The City Council in New York, where 2,792 people died in the Sept. 11 terror attack, approved a resolution opposing war with Iraq except as a last resort.
Wednesday's 31-17 vote came after months of debate about whether the council should take a position, particularly given the city's status as a symbol in the war on terrorism.
"We of all cities must uphold the preciousness and sanctity of human life," said Councilman Alan Gerson, a Manhattan Democrat who voted for the resolution and whose district includes the World Trade Center site.
Those who opposed the resolution said that because terrorism had struck so close, the city should not ignore an opportunity to depose another potential threat. City Council chambers are just blocks away from the trade center site.
Staten Island Republican Andrew Lanza urged fellow council members to look at the hole in the ground where the twin towers once stood.
"That is the price of doing nothing," said Lanza, who opposed the resolution.
The anti-war resolution was drawn up in October but stalled in back-room battles over semantics. It carries no legal weight.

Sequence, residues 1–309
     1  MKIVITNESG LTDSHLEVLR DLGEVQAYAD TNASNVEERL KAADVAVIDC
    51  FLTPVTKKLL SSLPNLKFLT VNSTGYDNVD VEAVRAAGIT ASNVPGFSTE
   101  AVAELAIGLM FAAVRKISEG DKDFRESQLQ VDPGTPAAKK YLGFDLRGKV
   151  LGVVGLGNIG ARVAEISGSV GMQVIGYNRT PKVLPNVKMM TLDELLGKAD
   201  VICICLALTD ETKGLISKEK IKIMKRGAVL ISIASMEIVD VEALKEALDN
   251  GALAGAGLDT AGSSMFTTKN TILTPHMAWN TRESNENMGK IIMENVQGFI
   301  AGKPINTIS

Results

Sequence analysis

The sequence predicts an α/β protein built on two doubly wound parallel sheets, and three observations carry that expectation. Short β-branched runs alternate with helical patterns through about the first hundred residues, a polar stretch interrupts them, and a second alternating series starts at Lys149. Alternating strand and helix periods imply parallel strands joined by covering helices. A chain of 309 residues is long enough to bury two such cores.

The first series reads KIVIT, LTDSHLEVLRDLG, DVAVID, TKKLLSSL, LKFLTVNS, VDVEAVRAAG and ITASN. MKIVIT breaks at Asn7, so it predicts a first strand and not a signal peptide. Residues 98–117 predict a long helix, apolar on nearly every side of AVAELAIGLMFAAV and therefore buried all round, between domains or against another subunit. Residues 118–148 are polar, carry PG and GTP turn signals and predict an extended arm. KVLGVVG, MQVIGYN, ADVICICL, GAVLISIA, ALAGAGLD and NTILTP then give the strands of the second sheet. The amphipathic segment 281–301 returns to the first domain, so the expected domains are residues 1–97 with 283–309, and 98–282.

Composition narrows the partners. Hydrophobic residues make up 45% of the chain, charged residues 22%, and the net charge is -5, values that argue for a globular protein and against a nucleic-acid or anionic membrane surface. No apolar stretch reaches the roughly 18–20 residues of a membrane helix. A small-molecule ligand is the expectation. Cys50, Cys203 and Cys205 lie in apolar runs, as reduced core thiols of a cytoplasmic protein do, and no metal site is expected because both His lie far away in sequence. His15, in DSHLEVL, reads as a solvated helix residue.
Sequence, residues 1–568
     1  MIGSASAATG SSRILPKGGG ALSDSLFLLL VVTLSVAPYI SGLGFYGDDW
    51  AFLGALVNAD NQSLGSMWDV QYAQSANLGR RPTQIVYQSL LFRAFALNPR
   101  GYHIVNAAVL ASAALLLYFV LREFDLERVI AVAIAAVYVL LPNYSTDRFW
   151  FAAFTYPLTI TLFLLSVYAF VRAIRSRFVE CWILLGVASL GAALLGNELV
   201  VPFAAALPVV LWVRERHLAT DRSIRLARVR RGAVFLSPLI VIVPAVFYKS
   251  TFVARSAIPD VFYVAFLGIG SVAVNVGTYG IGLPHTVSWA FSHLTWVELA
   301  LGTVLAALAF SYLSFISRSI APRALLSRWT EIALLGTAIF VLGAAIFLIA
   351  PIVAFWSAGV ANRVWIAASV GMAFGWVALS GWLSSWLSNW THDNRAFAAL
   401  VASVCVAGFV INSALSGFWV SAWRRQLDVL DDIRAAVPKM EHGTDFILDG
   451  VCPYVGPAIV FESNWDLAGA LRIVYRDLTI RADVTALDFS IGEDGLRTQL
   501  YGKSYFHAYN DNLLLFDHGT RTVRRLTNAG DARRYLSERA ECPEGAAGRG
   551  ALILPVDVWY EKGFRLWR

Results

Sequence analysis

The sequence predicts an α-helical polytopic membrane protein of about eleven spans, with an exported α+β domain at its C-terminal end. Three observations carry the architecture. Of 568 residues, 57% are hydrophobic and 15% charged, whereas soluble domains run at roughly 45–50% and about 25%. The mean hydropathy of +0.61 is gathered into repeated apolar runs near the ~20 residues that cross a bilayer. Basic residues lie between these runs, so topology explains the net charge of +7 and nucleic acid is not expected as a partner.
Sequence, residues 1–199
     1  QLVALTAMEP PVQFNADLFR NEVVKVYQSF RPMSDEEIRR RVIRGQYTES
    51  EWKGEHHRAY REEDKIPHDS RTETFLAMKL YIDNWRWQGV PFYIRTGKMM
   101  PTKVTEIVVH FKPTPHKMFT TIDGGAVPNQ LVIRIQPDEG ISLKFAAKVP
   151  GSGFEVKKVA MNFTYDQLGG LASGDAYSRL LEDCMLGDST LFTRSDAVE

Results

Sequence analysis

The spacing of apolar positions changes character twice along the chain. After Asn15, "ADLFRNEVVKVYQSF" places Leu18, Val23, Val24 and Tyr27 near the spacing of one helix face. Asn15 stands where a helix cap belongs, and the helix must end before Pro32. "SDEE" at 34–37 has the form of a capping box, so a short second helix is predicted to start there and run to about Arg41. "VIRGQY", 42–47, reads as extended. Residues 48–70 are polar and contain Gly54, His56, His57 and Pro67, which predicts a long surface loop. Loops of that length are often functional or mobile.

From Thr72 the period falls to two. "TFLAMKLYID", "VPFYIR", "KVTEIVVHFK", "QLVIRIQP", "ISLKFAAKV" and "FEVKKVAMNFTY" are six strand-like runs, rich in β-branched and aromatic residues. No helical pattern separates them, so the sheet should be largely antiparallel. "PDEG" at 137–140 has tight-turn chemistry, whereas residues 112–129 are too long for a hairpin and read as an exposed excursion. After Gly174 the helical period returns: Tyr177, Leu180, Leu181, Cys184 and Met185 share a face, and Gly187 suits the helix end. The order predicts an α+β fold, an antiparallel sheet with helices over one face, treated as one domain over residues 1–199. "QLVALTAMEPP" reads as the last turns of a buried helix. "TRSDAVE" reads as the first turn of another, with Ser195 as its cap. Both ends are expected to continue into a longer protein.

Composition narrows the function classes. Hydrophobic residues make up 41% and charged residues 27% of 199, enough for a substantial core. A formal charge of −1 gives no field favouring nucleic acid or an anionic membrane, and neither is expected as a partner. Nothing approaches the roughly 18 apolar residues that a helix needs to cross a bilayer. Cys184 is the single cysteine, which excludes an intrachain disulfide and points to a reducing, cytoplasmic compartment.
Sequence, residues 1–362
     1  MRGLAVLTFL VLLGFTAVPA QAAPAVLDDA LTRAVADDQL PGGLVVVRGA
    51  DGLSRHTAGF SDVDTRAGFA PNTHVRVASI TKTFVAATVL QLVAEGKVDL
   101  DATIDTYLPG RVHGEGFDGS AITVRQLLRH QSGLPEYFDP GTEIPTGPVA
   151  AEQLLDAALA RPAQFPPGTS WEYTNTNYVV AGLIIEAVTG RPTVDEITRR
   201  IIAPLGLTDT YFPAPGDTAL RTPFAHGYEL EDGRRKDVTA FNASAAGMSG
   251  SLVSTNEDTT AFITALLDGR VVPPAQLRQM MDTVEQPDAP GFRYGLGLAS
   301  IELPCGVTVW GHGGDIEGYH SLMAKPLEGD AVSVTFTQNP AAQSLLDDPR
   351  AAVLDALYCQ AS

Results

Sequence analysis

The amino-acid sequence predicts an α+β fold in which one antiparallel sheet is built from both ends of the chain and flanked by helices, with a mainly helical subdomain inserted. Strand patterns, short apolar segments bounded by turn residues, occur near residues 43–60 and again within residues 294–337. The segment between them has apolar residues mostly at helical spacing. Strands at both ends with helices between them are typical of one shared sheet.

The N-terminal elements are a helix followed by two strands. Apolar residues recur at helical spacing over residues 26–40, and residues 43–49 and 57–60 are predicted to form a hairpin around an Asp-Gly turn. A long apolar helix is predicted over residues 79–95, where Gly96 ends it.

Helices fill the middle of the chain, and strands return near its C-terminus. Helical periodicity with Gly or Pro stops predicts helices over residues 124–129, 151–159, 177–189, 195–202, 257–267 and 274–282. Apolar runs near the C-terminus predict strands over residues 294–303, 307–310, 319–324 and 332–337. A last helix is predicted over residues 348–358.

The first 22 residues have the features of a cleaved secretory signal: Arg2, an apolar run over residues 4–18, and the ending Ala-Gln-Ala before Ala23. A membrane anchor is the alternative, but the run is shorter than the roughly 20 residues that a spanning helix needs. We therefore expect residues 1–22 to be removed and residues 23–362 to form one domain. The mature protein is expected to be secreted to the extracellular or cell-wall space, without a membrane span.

The wording of the original resolution opposed a war without United Nations authority and said that such a war would pave the way for "similar actions by other rival states."
The redrawn resolution used language that allows for a pre-emptive attack if "other options for achieving compliance with United Nations resolutions calling for the elimination of weapons of mass destruction and the means of their development have failed."
Recent polls show that 75 percent of New Yorkers oppose a war without the support of the United Nations. Last month, more than 100,000 people took part in an anti-war protest near U.N. headquarters.
Republican Mayor Michael Bloomberg declined to say whether he supports a war. His spokesman Ed Skyler said Wednesday: "The mayor does not have an interest in formulating a separate foreign policy for New York City."